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PREVALENCE OF WATER-BORNE DISEASES: A CASE STUDY OF LABORATORY RESULT FROM KOGI STATE POLYTECHNIC CLINIC, LOKOJA BETWEEN JULY 2018- MARCH 2019

 Format: Microsoft Word   Chapters: 1-5

 Pages: 50   Attributes: STANDARD RESEARCH

 Amount: 3,000

 Sep 16, 2019 |  09:10 am |  2144


TABLE OF CONTENTS

Title page                                                                                

Approval Page                                                                         

Dedication                                                                              

Acknowledgment                                                                    

Abstract                                                                                  

Table of contents                                                                    

 

CHAPTER ONE

1.1 Background of the study                                                  

1.2 Cause of water-borne diseases                                          

1.3 Mode of infection                                                              

1.4 Aims and objectives of the study                                       

 

CHAPTER TWO

2.1 Literature Review                                                              

  CHAPTER

3.1 Materials and method                                                       

  CHAPTER FOUR

4.1 Results and discussion                                                     

CHAPTER FIVE

5.1 Conclusion and Recommendation                                    

References

ABSTRACT

The failure to provide safe drinking water and adequate sanitation services to all people is perhaps the greatest development failure of the 20th century. The most egregious consequence of this failure are the high rate of mortality among young children from preventable water-related diseases. This paper examines different scenarios of activities in the international water arena and provides three estimates of the overall water-related mortality likely to occur over the next two decades. If no action is taken to address basic human needs for water, as many as 135 million people will die from these diseases by 2020 even if the explicit millennium goals announced by the United Nations in 2000 are achieved. Given current international commitments, between 34 and 76 million people will perish from water-related diseases by 2020. This problem is one of the most serious public health crisis facing us, and deserves far   more attention and resources than it has received so far.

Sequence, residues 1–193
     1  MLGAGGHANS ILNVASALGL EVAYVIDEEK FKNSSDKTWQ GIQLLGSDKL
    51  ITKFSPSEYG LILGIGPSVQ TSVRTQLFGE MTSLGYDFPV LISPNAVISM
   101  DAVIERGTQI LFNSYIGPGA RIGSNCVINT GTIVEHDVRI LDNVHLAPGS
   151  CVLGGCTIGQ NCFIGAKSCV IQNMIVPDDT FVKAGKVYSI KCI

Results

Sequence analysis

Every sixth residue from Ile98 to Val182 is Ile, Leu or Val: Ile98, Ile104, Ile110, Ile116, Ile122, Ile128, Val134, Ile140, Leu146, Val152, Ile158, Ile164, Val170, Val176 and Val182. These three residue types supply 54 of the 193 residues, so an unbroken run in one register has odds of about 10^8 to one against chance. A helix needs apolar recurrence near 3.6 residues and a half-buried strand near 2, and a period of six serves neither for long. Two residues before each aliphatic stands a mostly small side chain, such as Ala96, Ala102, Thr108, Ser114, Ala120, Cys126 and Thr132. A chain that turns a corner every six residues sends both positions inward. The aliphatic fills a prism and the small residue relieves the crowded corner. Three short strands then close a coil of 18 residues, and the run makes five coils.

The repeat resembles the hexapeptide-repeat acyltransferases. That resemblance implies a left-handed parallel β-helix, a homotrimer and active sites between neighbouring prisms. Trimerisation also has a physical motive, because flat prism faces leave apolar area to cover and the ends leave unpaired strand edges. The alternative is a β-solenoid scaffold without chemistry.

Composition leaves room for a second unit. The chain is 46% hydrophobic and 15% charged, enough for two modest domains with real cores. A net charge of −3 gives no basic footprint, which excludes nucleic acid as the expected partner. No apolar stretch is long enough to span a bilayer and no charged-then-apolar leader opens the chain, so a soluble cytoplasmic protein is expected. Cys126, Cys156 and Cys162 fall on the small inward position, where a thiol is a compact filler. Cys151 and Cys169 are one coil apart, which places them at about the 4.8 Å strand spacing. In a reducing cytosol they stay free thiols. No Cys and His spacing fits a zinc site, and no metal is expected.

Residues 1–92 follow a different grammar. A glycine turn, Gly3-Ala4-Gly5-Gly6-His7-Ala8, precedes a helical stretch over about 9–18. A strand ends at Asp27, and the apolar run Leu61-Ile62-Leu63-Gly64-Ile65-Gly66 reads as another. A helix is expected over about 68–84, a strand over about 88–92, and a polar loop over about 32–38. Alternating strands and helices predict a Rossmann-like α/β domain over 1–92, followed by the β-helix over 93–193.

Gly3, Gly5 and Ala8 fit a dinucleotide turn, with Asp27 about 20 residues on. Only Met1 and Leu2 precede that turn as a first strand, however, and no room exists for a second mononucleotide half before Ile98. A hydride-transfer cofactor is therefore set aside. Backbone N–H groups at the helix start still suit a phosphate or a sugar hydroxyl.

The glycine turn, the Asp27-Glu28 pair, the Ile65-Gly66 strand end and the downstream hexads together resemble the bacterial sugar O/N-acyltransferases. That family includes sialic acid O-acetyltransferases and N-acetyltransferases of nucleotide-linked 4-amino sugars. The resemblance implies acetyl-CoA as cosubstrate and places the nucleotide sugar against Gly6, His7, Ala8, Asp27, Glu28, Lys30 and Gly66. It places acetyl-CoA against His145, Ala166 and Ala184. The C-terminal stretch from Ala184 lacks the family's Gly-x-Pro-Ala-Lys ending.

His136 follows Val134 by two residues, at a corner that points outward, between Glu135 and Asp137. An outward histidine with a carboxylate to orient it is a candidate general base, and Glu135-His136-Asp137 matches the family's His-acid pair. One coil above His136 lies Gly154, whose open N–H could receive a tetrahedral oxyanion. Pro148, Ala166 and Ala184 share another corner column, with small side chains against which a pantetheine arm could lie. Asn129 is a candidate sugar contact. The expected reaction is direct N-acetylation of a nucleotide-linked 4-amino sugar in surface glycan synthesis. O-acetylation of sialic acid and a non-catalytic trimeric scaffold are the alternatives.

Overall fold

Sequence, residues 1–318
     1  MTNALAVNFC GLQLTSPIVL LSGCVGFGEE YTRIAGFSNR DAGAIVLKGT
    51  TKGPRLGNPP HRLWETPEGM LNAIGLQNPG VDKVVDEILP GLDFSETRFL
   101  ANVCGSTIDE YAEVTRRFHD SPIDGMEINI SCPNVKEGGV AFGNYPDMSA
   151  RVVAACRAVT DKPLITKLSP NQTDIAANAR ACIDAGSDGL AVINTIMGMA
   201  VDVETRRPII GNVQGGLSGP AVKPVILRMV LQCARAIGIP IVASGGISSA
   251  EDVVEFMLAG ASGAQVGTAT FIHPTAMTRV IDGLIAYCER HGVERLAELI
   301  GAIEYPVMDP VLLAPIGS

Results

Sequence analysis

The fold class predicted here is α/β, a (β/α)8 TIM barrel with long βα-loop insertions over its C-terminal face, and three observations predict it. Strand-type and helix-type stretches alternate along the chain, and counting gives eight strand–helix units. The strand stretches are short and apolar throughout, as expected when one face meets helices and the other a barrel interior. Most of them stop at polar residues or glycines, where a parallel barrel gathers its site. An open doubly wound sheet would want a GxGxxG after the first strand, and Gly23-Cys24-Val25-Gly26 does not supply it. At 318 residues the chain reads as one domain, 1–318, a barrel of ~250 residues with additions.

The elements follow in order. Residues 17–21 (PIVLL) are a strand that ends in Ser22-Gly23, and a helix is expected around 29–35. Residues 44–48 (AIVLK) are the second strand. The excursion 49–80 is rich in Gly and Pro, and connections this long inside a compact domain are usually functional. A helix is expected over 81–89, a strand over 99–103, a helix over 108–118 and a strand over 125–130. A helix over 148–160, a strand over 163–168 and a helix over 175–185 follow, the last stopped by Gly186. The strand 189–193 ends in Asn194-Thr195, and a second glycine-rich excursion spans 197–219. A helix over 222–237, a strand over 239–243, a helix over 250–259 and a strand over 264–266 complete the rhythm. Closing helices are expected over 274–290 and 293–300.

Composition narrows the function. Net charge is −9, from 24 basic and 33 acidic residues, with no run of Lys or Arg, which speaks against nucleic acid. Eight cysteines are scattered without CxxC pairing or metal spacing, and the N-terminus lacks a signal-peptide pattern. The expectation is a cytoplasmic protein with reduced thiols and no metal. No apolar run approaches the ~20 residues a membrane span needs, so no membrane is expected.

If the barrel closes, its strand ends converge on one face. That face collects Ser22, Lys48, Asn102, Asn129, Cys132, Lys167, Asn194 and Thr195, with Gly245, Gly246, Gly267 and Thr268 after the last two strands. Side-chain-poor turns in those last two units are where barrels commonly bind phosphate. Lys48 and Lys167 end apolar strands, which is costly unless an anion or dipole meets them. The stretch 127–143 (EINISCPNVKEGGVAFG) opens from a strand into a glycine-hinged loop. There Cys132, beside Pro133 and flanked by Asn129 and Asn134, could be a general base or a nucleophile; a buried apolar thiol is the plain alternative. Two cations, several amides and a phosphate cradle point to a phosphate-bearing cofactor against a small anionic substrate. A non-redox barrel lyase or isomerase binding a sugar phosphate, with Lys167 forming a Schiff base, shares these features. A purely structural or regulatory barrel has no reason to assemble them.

CHAPTER ONE

INTRODUCTION

1.1    BACKGROUND OF THE STUDY

          Water-borne diseases are parasite associated in intermediate organisms living in contaminated water. Water-borne diseases remain a major concern in much of the developing world.

         A wide range of water problems faces nations and contamination. Unsustainable use of ground water, ecological degradation, and the threat of climate change. At the heart of World Bank problem however is the failure to provide even the most basic services for billions of people and the devastating human health problems associated with that failure.         

          The United Nations, in collaboration with individual nations, regular monitors access to water and sanitation. The most recently completed assessment, published in 2000 by the World Health Organisation (WHO 2000) is the most comprehensive to date, providing information for 89 percent of the world’s population.

          According to this assessment, 1.11 billion lack access to “improved water supply” and more than 2.4 billion lack “improved sanitation”. Previous assessments were released in 1994, 1990 during the international safe drinking water supply and sanitation decade of the 1980s.

         Malaria is a life-threatening disease caused by parasites that are transmitted to people through the bites of infected mosquitoes. In 2010, malaria caused an estimated 655,000 deaths (with an uncertainty range of 537,000 to 907,000), mostly among African children. Malaria is preventable and curable.

          Increased malaria prevention and control measures are dramatically reducing the malaria burden in many places.

          Non-immune travellers from malaria-free areas are very vulnerable to the disease when they get infected. Malaria mortality rates have fallen by more than 25% globally since 2000, and by 33% in the WHO African region. Most deaths occur among children living in Africa, where a child dies every minute from malaria. Malaria is caused by plasmodium parasites. 

          The parasites are spread to people through the bites of infected anopheles mosquitoes called “malaria vector”, which bites mainly between dusk and dawn. There are four parasite species that cause malaria in humans.